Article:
And many of those who sleep in the dust of the earth shall awake, some to everlasting life, and some to shame and everlasting contempt. (Daniel 12:2)
As we shall see, the elements of this stock apocalyptic scenario–the predicted period of eschatological woes, the cosmic collapse, the coming of the Son of Man, the divine judgment and reward–were known to Jesus. But strictly speaking, Jesus was not an apocalyptist at all. He was very restrained in his appeal to apocalyptic imagery and, when he used it, always adapted it to his very different message.
THE COMING SAVIOR
The historical event that most determined Judaism in the two centuries before Jesus was the successful Maccabean revolt (167-142B.C.E.) against Syrian domination of Palestine. Outraged by the sacrileges of King Antiochus IV, the brothers Judas, Jonathan, and Simon Maccabee each in turn led the struggle against Seleucid tyranny, until Simon finally won freedom for Palestine. The result was a brief parenthesis of Jewish self-rule that lasted until the Roman conquest of the land in 63 B.C.E. What is more, the establishment of the new kingdom led to a radical shift in the Jewish concept of the promised Davidic messiah.
The triumph of the Maccabees was their undoing. While all Jews
were happy to be a free people again, many of the more pious resented the fact that the new Hasmonean-Maccabean dynasty was not descended from King David. On religious grounds, therefore, this new regime could not be the kingdom promised by the prophets, and no Maccabee could be the true messiah. Not only that, but many found it intolerable that both Jonathan and Simon Maccabee had dared to make themselves high priests without being descended from the proper sacerdotal line of the ancient high priest Zadok (I Kings 1:26, 11 Samuel 8:17), whose family had held the office since the tenth century. On two counts, therefore, Jonathan and Simon Maccabee were at fault. Neither Davidic nor Zadokite by descent, they seemed to be power-hungry interlopers in both the political and religious realms.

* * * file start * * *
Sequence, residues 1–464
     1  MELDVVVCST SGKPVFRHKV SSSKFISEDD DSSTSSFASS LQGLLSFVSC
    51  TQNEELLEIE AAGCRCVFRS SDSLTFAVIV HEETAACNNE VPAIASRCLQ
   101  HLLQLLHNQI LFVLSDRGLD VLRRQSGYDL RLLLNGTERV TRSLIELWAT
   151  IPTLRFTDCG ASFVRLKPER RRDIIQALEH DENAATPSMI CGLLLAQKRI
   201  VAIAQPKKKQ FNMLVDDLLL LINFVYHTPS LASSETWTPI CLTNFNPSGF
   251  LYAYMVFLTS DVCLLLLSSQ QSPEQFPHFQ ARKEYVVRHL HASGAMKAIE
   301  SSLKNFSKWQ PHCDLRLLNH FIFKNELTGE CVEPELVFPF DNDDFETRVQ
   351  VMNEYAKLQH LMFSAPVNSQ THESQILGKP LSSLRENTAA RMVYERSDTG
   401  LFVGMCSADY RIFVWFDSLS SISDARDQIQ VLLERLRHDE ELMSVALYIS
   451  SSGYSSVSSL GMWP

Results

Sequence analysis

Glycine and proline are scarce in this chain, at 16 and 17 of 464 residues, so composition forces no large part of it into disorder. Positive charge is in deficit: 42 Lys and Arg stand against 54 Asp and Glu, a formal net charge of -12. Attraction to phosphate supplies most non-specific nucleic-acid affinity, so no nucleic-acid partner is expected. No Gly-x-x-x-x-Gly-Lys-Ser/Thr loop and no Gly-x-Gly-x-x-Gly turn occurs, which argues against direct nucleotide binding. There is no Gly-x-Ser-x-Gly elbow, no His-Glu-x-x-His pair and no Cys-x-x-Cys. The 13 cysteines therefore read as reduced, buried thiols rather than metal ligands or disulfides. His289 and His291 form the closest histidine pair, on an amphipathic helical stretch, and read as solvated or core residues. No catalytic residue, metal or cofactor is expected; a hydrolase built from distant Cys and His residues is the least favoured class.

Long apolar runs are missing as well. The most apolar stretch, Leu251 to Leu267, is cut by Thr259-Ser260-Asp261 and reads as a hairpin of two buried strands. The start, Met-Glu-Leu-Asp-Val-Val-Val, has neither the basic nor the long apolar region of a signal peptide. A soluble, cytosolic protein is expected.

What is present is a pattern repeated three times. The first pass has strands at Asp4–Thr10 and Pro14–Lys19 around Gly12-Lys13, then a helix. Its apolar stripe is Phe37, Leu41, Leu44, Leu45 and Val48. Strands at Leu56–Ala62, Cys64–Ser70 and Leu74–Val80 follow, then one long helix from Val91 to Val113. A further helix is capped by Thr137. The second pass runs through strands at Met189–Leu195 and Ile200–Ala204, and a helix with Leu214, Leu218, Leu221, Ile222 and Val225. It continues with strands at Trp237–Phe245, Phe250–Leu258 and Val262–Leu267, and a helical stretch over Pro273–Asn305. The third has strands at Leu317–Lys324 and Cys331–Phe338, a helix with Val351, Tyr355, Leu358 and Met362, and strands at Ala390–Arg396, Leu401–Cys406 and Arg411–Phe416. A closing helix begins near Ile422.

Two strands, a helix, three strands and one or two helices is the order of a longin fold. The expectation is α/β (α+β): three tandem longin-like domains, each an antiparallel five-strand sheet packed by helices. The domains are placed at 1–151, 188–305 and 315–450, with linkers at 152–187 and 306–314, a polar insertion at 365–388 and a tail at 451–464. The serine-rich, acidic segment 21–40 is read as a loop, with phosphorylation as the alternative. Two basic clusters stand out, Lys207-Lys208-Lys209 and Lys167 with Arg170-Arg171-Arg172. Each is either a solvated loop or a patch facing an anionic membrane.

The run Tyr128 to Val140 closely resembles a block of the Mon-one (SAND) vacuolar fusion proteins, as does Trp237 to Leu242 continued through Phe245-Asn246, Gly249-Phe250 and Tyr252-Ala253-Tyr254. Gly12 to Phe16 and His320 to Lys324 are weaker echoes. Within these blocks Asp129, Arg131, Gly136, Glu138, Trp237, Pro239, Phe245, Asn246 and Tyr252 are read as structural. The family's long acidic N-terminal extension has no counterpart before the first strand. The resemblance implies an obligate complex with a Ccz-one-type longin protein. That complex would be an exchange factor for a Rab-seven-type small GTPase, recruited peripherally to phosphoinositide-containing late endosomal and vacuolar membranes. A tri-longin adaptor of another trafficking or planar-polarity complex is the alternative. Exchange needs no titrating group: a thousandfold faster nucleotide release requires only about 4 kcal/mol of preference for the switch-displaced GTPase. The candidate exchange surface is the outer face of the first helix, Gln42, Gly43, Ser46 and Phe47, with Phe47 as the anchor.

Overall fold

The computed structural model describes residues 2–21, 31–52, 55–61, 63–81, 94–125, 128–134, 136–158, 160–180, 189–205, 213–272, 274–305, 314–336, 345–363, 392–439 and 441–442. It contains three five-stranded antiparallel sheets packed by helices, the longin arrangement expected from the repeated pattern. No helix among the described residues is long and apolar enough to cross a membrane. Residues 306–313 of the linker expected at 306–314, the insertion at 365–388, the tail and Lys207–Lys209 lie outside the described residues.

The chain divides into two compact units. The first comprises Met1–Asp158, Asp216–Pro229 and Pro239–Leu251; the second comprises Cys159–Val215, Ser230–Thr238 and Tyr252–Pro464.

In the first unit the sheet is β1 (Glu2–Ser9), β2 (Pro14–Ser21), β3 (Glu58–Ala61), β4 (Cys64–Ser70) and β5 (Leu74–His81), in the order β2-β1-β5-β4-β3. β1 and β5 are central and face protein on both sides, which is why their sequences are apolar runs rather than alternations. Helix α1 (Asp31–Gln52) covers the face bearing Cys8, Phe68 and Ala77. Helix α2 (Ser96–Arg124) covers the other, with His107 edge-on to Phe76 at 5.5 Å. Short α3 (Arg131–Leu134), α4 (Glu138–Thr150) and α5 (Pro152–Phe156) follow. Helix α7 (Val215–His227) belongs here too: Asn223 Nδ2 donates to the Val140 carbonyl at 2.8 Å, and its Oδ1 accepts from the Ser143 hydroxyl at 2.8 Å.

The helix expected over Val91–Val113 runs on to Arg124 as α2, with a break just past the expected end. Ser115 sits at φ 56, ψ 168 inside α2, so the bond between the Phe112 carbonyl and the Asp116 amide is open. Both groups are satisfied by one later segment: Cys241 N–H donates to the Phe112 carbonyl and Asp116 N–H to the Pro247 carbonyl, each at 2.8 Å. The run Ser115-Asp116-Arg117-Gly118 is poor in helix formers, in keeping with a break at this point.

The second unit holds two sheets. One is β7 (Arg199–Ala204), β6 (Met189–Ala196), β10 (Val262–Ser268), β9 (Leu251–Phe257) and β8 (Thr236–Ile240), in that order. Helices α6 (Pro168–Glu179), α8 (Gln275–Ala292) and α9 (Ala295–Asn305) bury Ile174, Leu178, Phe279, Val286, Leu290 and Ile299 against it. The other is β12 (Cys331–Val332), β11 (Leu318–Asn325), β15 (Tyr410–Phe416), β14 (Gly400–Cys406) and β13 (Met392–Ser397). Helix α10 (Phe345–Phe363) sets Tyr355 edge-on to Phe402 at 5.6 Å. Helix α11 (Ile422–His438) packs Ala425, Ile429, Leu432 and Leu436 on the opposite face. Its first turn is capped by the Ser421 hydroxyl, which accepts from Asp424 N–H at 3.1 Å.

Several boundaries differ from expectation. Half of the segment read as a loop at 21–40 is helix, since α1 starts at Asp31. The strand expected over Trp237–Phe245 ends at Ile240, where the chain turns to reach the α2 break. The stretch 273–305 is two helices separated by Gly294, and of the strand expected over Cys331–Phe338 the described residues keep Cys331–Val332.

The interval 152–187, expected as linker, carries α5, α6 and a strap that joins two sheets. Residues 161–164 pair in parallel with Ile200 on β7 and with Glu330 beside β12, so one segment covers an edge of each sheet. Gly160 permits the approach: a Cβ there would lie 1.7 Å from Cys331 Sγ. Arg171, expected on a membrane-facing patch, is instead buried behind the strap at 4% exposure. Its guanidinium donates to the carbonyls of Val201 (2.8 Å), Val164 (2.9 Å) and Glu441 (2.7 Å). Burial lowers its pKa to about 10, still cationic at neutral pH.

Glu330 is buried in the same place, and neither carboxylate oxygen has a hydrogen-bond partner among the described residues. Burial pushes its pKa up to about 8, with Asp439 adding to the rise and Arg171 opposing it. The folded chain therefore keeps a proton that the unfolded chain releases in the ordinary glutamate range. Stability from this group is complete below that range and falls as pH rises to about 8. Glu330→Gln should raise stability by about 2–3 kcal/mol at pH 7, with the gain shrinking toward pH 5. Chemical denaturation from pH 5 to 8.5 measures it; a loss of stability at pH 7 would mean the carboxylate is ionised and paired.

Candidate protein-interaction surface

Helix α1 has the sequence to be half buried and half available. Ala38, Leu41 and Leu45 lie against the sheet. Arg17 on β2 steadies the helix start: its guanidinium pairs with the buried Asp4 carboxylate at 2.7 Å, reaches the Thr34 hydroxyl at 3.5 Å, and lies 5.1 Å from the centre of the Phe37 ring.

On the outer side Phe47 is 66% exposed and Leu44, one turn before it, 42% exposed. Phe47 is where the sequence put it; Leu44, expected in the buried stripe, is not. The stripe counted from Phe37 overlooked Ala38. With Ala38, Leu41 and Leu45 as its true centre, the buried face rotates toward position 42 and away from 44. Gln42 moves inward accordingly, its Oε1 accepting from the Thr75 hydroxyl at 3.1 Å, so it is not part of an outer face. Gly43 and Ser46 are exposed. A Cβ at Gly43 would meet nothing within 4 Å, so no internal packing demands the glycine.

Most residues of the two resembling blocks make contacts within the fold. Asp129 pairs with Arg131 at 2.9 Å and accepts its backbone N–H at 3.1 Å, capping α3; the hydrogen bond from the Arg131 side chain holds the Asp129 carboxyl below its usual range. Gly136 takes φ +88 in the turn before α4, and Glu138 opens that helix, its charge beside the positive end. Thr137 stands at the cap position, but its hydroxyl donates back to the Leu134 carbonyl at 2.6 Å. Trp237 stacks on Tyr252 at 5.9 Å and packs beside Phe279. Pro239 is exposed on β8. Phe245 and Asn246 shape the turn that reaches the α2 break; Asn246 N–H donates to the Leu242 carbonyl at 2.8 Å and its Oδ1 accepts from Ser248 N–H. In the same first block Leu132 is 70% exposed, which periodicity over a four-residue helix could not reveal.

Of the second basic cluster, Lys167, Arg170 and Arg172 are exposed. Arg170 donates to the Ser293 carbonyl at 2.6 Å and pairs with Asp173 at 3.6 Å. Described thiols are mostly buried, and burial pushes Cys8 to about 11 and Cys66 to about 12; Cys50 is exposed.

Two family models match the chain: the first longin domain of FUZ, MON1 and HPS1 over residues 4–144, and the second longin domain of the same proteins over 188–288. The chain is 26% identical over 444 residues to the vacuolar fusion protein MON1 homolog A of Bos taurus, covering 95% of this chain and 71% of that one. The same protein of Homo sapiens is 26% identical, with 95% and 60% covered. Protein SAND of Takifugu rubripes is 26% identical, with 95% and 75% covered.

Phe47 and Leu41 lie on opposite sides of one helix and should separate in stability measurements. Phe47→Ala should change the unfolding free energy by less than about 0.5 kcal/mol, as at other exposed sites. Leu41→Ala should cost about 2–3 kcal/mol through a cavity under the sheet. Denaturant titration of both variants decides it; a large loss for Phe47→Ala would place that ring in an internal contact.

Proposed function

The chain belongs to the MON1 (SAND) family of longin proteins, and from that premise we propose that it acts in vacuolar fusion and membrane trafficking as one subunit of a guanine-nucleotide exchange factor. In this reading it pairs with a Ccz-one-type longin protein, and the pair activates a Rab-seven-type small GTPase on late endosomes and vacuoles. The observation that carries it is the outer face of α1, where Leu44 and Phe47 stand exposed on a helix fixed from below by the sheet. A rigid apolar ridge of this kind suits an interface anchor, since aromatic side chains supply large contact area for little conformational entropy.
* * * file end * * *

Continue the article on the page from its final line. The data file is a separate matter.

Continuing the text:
Opposition to the Maccabees ran high among their fellow Jews, and in particular the question of the proper bloodline of the high priesthood became the flashpoint of a religious revolt against the dynasty. One of the most important of the protesting groups was the devout lay sect of the Pharisees (Hebrew perushim, Aramaic perishayya, “Separated Ones”), who were later to figure so prominently in Jesus’ ministry. They broke with the Hasmonean-Maccabean regime in 134 B.C.E. and proclaimed their hope for an ideal, non-Hasmonean king. This new messiah not only would be descended from David and therefore anointed as God’s deputy but also–here was the radical shift–would have two new characteristics. First, he would be designated ruler of the entire world and not just of Israel; and second, he would arrive at the imminent end of the world. The messiah whom the Pharisees proclaimed was to be no longer a national king but a universal emperor, no longer a historical figure but an apocalyptic phenomenon.